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Industry Insight: Six reasons why streetlights are the superheroes of smart cities

The humble streetlight goes unnoticed most of the time. Widely introduced in the early part of the 20th century to help keep citizens safe, streetlights are now accepted roadside fixtures that barely merit a second glance. But these quiet servants are slowly being transformed into the true superheroes of smart cities.

Streetlights all over the world are being bestowed with new powers that will make them integral to the operation of smart cities.

Proponents of smart cities want to harness the power of the Internet of Things (IoT) by creating a network of connected and intelligent devices that, by sharing data, will enable improvements in areas such as energy efficiency, security, transport, accessibility, health and pollution. Examples include sensors within waste bins that will communicate to a local control room when they are full, thereby reducing unnecessary collections.

So how do simple streetlights become so central to this sophisticated equation? Well, one of the challenges facing the development of smart cities is to find a source of funding for the required technology deployments. It is a key reason why smart cities are likely to evolve incrementally rather than arriving in a fully-formed state. To overcome this, it makes sense to exploit existing infrastructure.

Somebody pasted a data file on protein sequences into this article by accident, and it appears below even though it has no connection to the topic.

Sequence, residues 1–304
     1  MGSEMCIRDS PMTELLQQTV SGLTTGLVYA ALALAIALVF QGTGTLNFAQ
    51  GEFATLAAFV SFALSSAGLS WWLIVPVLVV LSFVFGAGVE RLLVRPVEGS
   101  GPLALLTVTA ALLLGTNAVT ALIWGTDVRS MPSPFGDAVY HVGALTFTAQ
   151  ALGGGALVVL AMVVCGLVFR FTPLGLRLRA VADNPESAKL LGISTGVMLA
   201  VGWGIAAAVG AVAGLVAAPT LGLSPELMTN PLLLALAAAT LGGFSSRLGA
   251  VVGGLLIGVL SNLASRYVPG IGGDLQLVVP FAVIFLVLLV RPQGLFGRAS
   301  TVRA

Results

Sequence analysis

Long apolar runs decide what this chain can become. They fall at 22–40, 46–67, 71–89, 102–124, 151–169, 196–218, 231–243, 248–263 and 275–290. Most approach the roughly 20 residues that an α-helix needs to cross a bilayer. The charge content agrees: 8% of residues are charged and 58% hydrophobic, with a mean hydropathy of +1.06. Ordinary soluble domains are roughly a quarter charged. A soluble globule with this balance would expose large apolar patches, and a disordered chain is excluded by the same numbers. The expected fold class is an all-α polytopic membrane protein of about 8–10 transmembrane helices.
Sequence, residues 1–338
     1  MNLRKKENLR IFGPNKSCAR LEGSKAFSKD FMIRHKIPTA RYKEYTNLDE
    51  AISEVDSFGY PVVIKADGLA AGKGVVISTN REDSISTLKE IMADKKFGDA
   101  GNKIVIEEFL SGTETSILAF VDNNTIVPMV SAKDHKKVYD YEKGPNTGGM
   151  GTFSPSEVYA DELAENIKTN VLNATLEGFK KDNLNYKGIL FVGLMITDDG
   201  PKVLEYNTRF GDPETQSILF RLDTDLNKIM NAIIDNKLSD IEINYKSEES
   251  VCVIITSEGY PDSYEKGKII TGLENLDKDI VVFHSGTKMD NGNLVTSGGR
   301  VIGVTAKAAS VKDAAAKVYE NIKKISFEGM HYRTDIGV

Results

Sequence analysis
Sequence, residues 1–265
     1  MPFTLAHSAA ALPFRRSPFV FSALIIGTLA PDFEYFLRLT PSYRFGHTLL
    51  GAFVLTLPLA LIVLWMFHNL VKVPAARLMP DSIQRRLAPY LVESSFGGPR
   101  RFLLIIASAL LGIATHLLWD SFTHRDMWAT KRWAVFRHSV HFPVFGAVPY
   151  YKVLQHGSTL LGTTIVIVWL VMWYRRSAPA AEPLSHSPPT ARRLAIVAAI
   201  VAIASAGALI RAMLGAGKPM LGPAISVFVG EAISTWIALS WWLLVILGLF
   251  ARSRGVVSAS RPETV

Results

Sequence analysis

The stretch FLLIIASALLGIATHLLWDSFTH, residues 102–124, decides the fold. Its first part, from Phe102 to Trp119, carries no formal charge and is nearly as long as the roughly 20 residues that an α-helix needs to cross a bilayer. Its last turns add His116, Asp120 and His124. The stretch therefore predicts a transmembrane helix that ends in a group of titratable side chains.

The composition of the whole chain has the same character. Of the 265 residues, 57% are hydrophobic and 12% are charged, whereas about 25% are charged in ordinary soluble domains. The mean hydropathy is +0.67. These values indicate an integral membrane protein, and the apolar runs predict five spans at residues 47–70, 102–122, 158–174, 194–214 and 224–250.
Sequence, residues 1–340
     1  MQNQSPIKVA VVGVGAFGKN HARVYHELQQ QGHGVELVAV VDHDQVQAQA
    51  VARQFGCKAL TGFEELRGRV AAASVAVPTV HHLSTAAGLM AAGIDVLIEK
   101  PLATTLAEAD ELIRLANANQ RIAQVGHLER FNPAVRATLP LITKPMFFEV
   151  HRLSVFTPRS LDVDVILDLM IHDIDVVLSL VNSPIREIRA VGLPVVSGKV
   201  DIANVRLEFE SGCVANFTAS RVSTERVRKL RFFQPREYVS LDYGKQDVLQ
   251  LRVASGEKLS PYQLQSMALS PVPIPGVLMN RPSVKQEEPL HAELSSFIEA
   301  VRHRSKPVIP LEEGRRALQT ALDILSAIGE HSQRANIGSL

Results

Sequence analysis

There are 304 million streetlights in the world today, including over 5 million in the UK alone. But it doesn’t end there. The global number of streetlights is expected to rise to 352 million by 2025, with billions being invested. Their ubiquity is their strength, and augmented with new capabilities, they could be a powerful force for good.

The US-based Internet of Things Institute recently stated: “Light poles may well follow a trajectory similar to that of mobile phones. It wasn’t so long ago that mobile phones were suited for one purpose only – making calls. Now, making a phone call has become almost secondary to all of a smart phone’s other capabilities. Similarly, while the light poles of yesteryear provided only illumination, modern-day light poles can serve as multifunctional smart city nodes.”

Here are six ways that streetlights can serve smart cities:

1. Switching to LED

The switching of streetlights from high intensity discharge (HID) lamps to LED technology is a fast-growing trend as civic leaders embrace the advantages of longer lifespans and reduced energy consumption. This is significant when you consider that outdoor public lighting typically accounts for 40% of a city’s total electricity costs, and that savings of around 50% can be realised by adopting LEDs. However, those savings could rise to 80% with the addition of web connection to central management systems. This allows performance data from the streetlight to be relayed in real-time, reducing the burden of manual maintenance and servicing.

 

2. EV charging points